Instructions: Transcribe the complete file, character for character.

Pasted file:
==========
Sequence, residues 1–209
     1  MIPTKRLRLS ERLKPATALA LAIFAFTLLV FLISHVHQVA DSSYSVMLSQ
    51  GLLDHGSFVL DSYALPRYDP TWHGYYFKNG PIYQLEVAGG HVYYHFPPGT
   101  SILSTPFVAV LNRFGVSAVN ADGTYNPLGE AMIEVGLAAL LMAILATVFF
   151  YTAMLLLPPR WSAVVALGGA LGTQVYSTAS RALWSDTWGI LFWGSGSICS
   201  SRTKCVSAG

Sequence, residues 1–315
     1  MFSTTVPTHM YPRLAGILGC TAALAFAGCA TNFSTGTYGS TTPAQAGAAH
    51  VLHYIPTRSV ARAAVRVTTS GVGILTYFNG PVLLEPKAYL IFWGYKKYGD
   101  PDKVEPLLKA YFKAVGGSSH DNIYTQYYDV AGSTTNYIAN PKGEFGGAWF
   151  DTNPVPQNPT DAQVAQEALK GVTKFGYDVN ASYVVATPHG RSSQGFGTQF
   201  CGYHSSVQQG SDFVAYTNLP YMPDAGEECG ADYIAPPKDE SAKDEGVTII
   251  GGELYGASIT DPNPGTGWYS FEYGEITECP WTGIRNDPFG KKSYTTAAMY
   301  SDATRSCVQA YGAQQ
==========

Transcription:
Sequence, residues 1–209
     1  MIPTKRLRLS ERLKPATALA LAIFAFTLLV FLISHVHQVA DSSYSVMLSQ
    51  GLLDHGSFVL DSYALPRYDP TWHGYYFKNG PIYQLEVAGG HVYYHFPPGT
   101  SILSTPFVAV LNRFGVSAVN ADGTYNPLGE AMIEVGLAAL LMAILATVFF
   151  YTAMLLLPPR WSAVVALGGA LGTQVYSTAS RALWSDTWGI LFWGSGSICS
   201  SRTKCVSAG

Sequence, residues 1–315
     1  MFSTTVPTHM YPRLAGILGC TAALAFAGCA TNFSTGTYGS TTPAQAGAAH
    51  VLHYIPTRSV ARAAVRVTTS GVGILTYFNG PVLLEPKAYL IFWGYKKYGD
   101  PDKVEPLLKA YFKAVGGSSH DNIYTQYYDV AGSTTNYIAN PKGEFGGAWF
   151  DTNPVPQNPT DAQVAQEALK GVTKFGYDVN ASYVVATPHG RSSQGFGTQF
   201  CGYHSSVQQG SDFVAYTNLP YMPDAGEECG ADYIAPPKDE SAKDEGVTII
   251  GGELYGASIT DPNPGTGWYS FEYGEITECP WTGIRNDPFG KKSYTTAAMY
   301  SDATRSCVQA YGAQQ